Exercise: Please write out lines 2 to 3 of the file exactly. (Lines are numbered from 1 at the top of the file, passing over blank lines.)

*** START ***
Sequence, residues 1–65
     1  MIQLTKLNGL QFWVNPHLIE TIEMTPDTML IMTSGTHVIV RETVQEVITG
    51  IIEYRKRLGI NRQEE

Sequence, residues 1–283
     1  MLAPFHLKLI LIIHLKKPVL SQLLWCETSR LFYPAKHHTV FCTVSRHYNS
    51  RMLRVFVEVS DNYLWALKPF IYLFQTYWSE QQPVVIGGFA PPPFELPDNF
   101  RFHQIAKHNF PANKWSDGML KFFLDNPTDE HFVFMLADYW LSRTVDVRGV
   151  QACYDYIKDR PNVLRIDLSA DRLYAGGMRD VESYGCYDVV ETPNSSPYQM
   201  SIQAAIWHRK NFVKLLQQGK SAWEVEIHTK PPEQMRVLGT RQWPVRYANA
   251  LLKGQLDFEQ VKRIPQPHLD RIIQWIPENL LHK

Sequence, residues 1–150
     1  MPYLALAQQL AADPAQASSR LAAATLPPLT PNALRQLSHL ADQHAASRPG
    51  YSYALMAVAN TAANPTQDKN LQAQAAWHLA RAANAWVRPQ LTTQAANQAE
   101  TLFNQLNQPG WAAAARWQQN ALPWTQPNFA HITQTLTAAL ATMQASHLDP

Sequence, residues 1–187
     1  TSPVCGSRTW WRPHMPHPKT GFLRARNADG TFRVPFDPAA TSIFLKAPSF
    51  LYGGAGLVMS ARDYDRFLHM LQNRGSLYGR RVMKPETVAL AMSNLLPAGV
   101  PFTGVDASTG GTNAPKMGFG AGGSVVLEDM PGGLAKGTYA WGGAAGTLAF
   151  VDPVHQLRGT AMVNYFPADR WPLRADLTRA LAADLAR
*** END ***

     1  MIQLTKLNGL QFWVNPHLIE TIEMTPDTML IMTSGTHVIV RETVQEVITG
    51  IIEYRKRLGI NRQEE